Hello! I'm Suzannah, a serious DIYer. Follow along with my DIY fixer upper house renovations, sewing and crafty projects, real food recipes, and de-stressing goals. I'm a recovering former vegan and vegetarian, now healing with a nutrient-dense mostly Paleo diet, and love at-home CrossFit and yoga workouts. I'm also the author of DIY Wardrobe Makeovers!

New mom to baby Otto born April 2018!


Bedroom decor update, and another vote!

Last summer I had a...pillow crisis?... decorating our bedroom with some new pillows. I loved reading your ideas on that post, and have been playing with options since!! But now I've made a bigger change, and it's back to the pillow organization drawing board.

In some ways, it's funny how little our bedroom has changed in 8 months... same DIY headboard, same lamps, same vintage black nightstands (the ones I traded for these green ones), same starburst mirror above the bed. But there are different books on the end tables (we actually switched sides, we do that sometimes) and the big difference is I strayed from my conventional solid color bedding to the fave stripey duvet cover I'm here to talk to you about today.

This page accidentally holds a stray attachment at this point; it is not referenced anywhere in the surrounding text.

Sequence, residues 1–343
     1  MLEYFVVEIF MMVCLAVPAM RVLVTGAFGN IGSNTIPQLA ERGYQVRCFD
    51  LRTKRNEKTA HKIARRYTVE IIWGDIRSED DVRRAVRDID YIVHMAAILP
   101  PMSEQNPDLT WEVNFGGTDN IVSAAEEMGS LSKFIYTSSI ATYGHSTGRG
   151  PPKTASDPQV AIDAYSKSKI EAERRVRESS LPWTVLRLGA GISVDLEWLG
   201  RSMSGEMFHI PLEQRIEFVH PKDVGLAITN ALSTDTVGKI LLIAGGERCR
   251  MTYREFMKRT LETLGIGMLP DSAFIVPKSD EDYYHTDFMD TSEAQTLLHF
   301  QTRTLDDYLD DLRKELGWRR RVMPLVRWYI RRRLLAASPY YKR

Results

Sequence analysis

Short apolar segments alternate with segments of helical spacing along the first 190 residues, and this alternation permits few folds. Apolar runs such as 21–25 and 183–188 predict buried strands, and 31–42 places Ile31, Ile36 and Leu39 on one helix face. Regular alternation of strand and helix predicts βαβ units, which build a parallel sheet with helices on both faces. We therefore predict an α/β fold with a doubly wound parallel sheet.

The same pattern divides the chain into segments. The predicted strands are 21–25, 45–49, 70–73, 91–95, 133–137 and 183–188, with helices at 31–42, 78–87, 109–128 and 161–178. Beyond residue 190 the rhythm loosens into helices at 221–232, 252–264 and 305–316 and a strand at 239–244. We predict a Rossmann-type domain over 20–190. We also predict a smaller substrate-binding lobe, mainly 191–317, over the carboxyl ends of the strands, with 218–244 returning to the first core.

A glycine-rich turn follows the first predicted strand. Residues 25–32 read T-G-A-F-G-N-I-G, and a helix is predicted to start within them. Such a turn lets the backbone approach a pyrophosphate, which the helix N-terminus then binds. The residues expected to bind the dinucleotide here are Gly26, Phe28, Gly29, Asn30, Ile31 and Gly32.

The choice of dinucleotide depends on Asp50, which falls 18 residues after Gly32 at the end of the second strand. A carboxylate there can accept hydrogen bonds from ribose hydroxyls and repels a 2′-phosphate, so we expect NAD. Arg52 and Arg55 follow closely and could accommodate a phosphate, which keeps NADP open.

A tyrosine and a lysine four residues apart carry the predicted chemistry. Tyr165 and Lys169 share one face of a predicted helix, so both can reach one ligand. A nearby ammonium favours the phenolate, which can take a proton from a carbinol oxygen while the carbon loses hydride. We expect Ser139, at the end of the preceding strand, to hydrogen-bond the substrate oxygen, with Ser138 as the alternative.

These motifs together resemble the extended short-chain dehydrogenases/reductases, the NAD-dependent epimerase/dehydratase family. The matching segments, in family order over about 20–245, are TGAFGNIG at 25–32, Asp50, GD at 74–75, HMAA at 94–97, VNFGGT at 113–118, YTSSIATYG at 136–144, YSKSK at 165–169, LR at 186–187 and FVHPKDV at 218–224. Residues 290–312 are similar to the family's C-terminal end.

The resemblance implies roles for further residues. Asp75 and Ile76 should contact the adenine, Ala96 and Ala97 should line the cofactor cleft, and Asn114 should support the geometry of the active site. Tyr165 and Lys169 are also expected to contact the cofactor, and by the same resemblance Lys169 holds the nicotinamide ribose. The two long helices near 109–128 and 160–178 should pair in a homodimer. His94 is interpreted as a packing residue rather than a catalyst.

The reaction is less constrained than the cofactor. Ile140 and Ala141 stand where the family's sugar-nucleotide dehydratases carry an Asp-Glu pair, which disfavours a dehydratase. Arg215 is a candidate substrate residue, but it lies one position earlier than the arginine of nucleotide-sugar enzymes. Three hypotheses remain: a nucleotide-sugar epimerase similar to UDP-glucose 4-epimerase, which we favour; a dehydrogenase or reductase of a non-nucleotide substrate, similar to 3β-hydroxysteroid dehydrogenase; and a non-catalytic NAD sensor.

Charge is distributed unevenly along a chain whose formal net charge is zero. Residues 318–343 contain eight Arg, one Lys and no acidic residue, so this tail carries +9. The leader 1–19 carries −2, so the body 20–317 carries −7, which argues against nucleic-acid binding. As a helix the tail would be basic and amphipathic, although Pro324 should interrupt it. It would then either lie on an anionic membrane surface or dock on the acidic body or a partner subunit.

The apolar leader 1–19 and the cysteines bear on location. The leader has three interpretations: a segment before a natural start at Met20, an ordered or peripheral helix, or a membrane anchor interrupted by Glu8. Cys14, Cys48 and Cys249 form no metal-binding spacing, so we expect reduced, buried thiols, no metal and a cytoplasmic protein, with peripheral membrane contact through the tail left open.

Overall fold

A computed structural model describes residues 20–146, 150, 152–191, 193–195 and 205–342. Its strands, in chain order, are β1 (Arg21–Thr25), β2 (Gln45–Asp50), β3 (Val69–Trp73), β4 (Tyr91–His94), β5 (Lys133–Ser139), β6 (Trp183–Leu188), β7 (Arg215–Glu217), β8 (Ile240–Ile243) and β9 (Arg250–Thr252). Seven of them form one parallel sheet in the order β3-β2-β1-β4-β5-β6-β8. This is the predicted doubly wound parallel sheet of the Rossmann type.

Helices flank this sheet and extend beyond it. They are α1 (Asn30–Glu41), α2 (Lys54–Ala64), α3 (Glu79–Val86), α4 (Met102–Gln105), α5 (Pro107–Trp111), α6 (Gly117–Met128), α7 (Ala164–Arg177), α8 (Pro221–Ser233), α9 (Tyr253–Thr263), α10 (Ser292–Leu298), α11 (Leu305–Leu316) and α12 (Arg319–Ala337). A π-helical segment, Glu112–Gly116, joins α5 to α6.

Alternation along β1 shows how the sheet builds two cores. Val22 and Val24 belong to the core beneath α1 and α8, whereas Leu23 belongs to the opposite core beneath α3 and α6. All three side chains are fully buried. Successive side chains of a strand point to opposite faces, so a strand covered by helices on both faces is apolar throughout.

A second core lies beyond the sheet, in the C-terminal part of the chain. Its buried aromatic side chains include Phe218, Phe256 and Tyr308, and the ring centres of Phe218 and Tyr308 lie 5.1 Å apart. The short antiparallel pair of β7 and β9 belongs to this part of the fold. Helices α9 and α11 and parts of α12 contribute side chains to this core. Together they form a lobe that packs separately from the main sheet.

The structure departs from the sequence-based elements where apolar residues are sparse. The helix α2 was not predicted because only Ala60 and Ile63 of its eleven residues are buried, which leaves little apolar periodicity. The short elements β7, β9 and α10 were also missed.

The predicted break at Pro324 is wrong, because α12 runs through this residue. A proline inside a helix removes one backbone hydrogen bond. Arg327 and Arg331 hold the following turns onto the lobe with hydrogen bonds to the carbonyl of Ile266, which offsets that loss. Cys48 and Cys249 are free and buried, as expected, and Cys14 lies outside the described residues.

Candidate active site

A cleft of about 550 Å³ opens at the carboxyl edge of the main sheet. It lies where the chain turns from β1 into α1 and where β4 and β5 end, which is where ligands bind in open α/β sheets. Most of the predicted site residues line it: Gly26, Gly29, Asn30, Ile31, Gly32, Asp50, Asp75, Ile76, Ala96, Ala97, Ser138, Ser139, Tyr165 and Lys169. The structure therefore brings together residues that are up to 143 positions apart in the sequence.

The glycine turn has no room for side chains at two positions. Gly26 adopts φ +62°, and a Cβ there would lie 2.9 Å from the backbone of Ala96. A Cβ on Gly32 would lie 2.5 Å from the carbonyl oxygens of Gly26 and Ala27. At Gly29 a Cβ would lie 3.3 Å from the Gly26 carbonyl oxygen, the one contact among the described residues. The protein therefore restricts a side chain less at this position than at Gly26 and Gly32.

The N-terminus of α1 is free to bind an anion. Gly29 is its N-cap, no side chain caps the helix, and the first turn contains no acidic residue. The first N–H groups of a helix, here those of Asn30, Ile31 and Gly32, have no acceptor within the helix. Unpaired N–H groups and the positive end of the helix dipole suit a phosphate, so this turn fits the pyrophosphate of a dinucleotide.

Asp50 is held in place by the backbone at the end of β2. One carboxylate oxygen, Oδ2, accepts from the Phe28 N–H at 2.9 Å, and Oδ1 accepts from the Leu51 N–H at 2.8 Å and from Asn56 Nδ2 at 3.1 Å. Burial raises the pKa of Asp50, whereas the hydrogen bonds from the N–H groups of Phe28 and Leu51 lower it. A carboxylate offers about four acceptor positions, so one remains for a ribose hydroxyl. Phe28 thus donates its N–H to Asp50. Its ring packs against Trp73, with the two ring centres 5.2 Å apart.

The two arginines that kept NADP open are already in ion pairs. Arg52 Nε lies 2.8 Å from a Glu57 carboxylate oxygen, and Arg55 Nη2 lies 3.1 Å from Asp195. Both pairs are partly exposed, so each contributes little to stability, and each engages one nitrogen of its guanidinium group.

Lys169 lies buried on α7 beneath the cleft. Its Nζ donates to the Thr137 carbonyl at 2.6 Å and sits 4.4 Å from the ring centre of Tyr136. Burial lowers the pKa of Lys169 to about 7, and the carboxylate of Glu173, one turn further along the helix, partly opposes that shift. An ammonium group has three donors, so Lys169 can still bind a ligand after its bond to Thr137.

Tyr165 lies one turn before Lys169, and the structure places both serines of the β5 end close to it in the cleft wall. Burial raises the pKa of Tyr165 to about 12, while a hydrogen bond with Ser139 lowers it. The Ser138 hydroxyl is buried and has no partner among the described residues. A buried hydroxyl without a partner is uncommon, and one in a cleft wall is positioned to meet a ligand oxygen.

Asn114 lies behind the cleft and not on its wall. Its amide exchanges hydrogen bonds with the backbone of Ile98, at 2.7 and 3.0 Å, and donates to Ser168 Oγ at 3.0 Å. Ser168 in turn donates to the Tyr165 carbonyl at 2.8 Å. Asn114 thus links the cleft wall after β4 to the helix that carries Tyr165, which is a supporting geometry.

For a while in the summer we used the lighter grey blanket from that post, but most of the time we use the white woven stripe duvet cover, because I love white bedding and it goes with everything (see it near the bottom of my home tour). Love it. Love white bedding. We also have it in our guest room (also in home tour, and see below) - a great white quilt from Target that I got brand new at Goodwill.

I guess I got a little tired of the white, though, and I pulled out our old West Elm grey and white stripe duvet cover. This thing's a classic (although it always bummed me out a little that it doesn't look like the one in the catalog because I like to use a king size comforter (and cover) on our queen size bed so that it's long enough--so I buy king size and turn them sideways. Sigh.). But anyway, I like the grey and white stripe, and it goes with anything, so I pulled it out again and now I'm wondering if it goes with the princess-ey tufts of the velveteen headboard I made... what do you think? Too preppy?